Q: Ive been planning to invest a large amount of money in a Vanguard index fund. Just when I was ready to fill out the forms the Dow Jones industrial average started to fall and alarming news stories were calling it a correction. Can you explain correction and what I should do about it? Is this temporary? How will I know when its over?

A: The term correction, is one of three words that investing professionals use to help people understand just how scary, or damaging, a stock market plunge might be.

The stock markets three categories for losing money are pullback, correction and bear market.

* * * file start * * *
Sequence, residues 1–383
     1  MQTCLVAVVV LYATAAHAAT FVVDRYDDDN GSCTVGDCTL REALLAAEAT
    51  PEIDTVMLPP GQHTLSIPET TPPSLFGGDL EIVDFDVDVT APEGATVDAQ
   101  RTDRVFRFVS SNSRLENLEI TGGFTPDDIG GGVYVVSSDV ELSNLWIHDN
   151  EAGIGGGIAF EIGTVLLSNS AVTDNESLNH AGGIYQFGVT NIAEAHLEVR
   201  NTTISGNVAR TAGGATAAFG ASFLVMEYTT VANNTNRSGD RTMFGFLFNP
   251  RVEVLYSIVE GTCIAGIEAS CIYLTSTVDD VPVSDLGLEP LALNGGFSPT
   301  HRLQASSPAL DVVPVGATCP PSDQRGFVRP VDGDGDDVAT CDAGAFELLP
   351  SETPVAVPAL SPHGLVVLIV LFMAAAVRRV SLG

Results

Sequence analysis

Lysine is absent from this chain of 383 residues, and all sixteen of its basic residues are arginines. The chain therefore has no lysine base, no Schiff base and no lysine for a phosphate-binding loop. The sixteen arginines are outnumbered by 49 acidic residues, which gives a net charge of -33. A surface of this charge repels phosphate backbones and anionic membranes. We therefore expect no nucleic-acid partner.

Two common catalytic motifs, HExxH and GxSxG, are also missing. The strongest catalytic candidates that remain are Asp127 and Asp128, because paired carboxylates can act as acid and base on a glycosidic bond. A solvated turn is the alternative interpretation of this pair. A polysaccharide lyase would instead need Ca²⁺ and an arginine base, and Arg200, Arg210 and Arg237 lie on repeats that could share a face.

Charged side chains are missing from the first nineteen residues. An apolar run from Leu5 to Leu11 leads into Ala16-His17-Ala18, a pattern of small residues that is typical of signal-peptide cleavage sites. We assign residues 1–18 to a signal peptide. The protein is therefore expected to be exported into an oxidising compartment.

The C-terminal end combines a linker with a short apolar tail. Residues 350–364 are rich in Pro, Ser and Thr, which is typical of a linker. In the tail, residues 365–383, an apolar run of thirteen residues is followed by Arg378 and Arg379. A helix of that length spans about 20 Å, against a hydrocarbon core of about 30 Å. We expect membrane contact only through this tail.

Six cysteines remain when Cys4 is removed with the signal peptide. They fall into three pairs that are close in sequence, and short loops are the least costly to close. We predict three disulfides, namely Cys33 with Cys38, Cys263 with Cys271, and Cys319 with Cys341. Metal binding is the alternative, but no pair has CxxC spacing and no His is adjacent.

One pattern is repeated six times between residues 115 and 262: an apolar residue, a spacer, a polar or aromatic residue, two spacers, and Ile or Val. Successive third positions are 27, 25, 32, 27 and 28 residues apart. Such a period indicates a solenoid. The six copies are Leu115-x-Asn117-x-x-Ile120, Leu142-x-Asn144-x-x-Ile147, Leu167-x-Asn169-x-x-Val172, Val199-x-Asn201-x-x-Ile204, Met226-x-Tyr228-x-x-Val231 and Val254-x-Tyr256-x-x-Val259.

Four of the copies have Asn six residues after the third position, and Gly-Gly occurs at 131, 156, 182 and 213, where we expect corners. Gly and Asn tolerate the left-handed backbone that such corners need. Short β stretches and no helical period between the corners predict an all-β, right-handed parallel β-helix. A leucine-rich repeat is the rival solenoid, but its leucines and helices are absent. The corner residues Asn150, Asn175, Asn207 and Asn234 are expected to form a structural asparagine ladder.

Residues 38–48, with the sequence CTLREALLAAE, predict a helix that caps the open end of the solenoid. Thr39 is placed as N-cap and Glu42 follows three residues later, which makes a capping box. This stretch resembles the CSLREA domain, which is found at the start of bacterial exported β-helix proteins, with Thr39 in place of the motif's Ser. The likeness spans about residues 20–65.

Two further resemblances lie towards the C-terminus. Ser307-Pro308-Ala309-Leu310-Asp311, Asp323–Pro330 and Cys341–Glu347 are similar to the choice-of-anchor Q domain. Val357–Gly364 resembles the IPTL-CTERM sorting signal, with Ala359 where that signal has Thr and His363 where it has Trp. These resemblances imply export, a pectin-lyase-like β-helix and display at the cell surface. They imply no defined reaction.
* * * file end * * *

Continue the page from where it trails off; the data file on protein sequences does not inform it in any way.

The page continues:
A pullback is mild. It might make you nervous as the damage is being inflicted to your money, but it will blow over quickly. You might lose 5 to 9 percent of your money, but the losses will heal quickly. Within a few weeks you might not even remember that it happened. By the end of the year if you look over your 401(k) or IRA, the short-term losses probably will be indiscernible.

Thats true of a correction too, although when you are in the midst of one, it will be scarier and you will wonder if it will become more destructive. In a correction, you temporarily lose 10 to 20 percent of your money, maybe over a couple of months. But on average you are back to even in four months, according to Standard Poors research.

The trouble with a correction, however, is that you never know when it will be over, and a correction can morph into a bear market.